I suppose there’s nothing terribly surprising about Fred Thompson asserting that Roe v. Wade is the worst Supreme Court decision since 1967. And nor is it surprising that he would repeat the abject nonsense that overturning Roe would “send the issue back to the states” (a claim that the Supreme Court’s decision to uphold the arbitrary federal ban on “partial-birth” abortions in Carhart II makes straightforwardly false.) Since many anti-choicers are smart enough to be vague about this, however, it is worth noting the significance of Thompson’s claim that Roe was “was fabricated out of whole cloth.” If one argues that Roe has no basis on constitutional jurisprudence, however, then it’s not only Roe but Griswold that is wrong.
If Democrats are smart, this should be a major weapon against Thompson and any Republican who makes similar arguments. As Amanda notes, Roe is a popular decision, generally favored by 2-to-1 majorities. It should be pointed out often that Thompson opposes any constitutional right of privacy, which means not only that the states and the federal government can force a woman to carry a pregnancy to term under virtually all circumstances, but they can also prevent married couples from using contraception in their own homes. Supporters of reproductive freedom should be able to use these openings to move the debate onto favorable ground.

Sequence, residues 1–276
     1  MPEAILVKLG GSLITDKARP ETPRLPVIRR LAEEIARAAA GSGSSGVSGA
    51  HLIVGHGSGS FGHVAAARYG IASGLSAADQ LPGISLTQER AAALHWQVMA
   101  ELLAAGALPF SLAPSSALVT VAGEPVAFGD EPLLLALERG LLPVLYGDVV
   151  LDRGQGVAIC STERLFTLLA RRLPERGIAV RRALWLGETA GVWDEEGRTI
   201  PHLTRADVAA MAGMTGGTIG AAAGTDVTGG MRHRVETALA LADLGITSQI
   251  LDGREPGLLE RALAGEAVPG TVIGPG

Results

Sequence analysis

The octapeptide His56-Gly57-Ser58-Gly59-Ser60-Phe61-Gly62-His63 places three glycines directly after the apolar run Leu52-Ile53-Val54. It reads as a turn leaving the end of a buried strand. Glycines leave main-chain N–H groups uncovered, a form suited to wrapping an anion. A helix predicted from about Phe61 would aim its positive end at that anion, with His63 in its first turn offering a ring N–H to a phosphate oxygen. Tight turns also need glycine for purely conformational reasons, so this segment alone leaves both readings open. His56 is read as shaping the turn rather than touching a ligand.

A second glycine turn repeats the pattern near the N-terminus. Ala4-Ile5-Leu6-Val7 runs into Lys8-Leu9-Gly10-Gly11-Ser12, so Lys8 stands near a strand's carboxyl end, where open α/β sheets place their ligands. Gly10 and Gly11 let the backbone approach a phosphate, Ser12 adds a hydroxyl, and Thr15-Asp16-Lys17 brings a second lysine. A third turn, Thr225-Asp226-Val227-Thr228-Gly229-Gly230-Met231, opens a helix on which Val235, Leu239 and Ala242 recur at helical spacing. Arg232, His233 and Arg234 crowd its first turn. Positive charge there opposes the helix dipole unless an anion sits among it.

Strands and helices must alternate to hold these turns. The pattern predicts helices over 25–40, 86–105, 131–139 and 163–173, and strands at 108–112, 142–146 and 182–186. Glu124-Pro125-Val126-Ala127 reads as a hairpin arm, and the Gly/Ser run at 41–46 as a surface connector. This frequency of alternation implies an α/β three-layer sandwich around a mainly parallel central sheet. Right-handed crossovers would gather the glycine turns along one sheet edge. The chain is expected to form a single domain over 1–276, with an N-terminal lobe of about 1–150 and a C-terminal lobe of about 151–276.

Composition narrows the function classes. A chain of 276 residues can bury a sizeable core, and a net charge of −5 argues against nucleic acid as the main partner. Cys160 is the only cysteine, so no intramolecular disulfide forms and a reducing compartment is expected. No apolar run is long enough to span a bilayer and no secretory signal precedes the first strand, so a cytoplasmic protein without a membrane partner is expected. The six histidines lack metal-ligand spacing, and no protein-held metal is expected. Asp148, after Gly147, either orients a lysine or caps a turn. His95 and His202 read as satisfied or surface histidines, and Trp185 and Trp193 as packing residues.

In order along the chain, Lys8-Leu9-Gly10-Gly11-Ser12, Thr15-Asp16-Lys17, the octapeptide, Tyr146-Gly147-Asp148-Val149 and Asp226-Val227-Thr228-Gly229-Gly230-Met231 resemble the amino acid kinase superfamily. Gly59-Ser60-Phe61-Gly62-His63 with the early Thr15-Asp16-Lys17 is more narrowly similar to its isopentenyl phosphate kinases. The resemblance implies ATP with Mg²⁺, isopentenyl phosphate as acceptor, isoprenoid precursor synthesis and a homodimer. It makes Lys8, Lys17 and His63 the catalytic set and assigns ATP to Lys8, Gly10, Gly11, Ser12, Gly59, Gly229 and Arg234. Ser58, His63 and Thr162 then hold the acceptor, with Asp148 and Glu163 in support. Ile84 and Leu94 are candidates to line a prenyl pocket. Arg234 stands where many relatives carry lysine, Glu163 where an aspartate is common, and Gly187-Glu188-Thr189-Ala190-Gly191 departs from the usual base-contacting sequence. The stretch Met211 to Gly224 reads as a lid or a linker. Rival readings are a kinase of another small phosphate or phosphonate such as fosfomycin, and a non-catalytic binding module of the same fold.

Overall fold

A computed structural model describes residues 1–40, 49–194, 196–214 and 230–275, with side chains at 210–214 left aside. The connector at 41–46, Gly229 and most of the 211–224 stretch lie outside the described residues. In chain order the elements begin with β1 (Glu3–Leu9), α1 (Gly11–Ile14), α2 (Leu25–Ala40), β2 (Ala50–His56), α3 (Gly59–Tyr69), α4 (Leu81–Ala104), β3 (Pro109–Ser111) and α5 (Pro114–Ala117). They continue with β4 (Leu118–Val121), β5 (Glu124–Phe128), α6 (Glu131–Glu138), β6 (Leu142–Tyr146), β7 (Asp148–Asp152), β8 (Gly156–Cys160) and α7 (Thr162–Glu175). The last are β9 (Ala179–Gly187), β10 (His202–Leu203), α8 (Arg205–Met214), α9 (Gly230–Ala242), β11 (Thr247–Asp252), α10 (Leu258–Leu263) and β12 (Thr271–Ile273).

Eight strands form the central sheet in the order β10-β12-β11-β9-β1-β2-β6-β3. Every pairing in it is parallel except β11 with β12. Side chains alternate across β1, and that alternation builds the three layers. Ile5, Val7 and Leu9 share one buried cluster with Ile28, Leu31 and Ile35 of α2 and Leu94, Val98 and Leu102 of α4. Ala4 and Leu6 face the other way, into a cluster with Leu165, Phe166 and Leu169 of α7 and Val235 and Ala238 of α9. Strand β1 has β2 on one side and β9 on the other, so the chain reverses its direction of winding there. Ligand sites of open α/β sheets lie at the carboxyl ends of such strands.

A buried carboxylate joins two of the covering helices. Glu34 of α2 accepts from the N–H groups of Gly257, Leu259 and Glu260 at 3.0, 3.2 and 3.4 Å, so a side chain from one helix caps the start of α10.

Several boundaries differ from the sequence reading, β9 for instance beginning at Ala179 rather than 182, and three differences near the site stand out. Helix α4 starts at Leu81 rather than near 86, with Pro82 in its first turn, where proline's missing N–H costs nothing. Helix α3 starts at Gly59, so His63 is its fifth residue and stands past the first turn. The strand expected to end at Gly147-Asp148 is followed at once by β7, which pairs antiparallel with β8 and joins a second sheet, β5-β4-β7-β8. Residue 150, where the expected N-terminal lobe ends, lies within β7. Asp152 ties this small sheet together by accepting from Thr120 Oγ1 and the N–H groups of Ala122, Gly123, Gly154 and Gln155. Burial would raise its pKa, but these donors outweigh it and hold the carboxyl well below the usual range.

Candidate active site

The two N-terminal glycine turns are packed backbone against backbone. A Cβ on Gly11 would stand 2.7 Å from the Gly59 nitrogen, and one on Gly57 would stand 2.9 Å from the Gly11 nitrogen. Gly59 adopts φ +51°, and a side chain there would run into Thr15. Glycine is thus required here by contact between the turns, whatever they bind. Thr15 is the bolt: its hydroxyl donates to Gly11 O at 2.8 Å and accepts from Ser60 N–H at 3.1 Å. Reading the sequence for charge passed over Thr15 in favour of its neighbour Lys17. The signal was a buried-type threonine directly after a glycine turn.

…to clarify something that seems to be coming up in comments, I am not arguing here that Thompson must be opposed to Griswold because he’s against Roe. I am arguing that he is logically opposed to Griswold because he argues that Roe is “made up out of whole cloth.” As Justice Stevens has argued, “I fail to see how a decision on childbearing becomes less important the day after conception than the day before. Indeed, if one decision is more “fundamental” to the individual’s freedom than the other, surely it is the postconception decision that is the more serious.” If Griswold is correct, there must be at least a basis for Roe. It is possible to argue that a woman has an interest in reproductive freedom that in the case of abortion is trumped by a state’s interest in fetal life, but that’s not what Thompson (or Bork) are arguing.